By Tom Foss
Mike drew a prime moose tag this season, and he was out scouting some new country. At first light, he saw a fine herd of elk, but his main goal was to find one of the big bull moose he knew hung out in these hills. Eight hours later, just before dark, he decided to wander a ways over toward the elk – four miles to be exact. A couple of cow calls, and suddenly a satellite bull was in his lap. He released an arrow at 35 yards, the razor-sharp broadhead did its work, and he heard the young bull hit the ground.
It was late and dark with no cell service. He hurriedly gutted his elk in prime grizzly country, and grew rightfully nervous on the hike out. With the smell of blood on his hands, he jumped at every shadow.
He remembered the landowner’s words when he asked for permission: “Have at it son, but watch out. There is an ornery griz in there. He chased us in our quads and almost ran our hired hand through a barb wire fence.”
He’d spilled the guts and the meat was cooling, and as he headed for cell range, he thought about whom he could call to come help him pack it out. It turned out to be a long list, but as a testament to what kind of man he is, he only needed to make two phone calls. I am honored to have received one of them.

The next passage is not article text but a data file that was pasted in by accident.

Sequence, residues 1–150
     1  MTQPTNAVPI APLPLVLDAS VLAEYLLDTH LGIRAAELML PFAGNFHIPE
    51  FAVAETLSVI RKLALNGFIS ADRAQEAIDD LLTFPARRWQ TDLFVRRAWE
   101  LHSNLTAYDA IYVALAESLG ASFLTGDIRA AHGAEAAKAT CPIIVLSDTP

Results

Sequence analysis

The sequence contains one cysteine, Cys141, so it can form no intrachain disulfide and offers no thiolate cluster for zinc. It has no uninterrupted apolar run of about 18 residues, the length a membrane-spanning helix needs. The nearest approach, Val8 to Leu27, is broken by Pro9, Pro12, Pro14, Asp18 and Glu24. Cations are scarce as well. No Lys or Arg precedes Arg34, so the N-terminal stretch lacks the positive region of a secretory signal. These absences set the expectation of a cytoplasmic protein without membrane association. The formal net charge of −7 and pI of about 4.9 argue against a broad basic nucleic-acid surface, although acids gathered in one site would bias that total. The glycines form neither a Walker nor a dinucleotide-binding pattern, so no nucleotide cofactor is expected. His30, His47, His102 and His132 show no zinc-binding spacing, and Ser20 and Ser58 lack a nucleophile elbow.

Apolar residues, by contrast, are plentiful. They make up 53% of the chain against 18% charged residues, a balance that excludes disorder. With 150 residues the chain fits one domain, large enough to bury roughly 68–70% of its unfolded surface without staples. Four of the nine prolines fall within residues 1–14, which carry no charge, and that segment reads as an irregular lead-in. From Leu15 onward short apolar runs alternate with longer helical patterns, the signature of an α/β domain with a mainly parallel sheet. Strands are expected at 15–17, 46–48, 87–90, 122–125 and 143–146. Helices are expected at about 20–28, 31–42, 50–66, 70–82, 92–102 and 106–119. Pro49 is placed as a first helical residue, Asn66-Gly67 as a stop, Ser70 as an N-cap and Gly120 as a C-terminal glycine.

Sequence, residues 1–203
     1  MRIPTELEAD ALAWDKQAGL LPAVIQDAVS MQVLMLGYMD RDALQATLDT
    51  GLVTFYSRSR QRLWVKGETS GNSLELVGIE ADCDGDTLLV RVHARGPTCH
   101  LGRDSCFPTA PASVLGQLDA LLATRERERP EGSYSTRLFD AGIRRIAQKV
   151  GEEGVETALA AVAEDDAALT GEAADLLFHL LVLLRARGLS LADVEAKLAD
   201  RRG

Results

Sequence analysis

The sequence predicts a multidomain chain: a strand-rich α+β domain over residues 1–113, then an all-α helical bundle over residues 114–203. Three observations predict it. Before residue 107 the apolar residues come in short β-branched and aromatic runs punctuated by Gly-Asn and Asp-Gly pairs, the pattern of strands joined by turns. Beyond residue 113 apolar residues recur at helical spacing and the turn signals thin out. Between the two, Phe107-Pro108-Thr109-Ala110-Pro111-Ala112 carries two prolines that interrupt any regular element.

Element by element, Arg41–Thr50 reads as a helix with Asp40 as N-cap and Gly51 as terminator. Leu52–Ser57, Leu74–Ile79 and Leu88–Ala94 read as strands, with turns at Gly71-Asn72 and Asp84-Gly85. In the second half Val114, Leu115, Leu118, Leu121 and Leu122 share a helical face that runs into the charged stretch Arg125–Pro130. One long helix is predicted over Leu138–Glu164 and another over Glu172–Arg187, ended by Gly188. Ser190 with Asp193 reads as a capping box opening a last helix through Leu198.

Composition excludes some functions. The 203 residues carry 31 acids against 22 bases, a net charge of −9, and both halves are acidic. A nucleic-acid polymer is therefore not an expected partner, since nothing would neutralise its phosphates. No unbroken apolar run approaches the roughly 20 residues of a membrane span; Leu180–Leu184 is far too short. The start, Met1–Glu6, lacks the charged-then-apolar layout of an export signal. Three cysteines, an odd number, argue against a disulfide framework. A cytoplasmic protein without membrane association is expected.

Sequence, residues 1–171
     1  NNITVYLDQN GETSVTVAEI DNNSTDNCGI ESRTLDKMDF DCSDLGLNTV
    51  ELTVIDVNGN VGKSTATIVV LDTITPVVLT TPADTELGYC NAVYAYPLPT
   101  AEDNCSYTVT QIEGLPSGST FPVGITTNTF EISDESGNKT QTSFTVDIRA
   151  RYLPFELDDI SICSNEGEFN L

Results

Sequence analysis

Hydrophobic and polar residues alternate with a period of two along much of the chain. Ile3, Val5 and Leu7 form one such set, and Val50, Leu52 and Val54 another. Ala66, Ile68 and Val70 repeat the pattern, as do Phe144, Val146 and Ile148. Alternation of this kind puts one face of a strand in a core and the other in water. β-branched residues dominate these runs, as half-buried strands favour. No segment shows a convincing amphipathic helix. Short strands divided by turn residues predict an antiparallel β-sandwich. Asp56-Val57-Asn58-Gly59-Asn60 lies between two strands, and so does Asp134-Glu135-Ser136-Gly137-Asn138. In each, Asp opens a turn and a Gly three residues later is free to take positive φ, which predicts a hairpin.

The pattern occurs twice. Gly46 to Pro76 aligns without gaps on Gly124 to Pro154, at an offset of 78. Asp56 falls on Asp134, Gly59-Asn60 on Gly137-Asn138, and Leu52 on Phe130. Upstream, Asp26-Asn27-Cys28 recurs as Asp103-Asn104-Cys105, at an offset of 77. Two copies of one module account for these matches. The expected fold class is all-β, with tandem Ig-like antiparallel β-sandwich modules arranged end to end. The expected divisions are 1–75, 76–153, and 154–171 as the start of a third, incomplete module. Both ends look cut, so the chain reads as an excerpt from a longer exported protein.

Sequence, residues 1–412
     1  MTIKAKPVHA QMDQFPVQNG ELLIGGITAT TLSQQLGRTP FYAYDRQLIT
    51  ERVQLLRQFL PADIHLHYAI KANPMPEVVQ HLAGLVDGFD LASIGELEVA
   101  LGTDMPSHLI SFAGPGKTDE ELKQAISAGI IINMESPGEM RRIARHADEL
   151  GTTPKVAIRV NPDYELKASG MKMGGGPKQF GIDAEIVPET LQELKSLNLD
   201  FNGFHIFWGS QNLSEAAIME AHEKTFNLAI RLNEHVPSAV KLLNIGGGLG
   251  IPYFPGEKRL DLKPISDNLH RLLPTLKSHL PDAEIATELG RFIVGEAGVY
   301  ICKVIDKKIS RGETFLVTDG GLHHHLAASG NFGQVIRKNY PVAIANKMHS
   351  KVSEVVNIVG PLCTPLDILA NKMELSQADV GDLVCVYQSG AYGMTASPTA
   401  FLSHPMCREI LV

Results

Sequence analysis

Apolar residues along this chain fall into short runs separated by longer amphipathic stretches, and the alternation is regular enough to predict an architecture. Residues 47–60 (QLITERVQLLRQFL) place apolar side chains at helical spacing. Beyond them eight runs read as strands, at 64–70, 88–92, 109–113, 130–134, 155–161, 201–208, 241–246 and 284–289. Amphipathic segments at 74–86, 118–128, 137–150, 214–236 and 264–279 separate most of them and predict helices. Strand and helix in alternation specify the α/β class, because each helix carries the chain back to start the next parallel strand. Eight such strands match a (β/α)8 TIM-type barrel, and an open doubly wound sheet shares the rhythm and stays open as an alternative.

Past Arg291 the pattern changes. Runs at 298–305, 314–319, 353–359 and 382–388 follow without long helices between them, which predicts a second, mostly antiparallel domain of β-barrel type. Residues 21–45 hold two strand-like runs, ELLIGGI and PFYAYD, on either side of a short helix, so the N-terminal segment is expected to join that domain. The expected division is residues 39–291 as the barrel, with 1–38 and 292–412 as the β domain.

Those two calls netted him three helpers, and early the next morning, four of us assembled in the dark at the trailhead for couple hours of hiking and hauling. We had four cans of pepper spray and some slightly stronger deterrents in hand. I was packing a slug gun, and a buddy had his defender loaded to the hilt. The last thing we wanted to do was give the statisticians more maulings to count.
As we headed through the dense underbrush, we could hear elk bugling not far from the kill site. Mike had made a perfect shot and got out of there without spooking the herd. A great bowhunter, friend and father, he always has a long list of friends ready to pitch in. Mike’s generosity in helping out others and the fact that he is such a good guy puts a bunch of people at the ready when he needs a hand.
Our Mystery Ranch packs out-hauled our friends’ pack frames by a wide margin. They’re so comfortable and easy to load that for a little while, I worried more about Mike’s friends sneaking into my garage and taking my pack than I did about any bears in the area.
Of course, they were friends of Mike too, so there was nothing to worry about. We made it back to the trailhead without any incident with bears, and the fellas said they couldn’t wait to get home and put their packs up on eBay.
Do you ever get called to help your friends pack out meat? Who do you call when it’s your animal?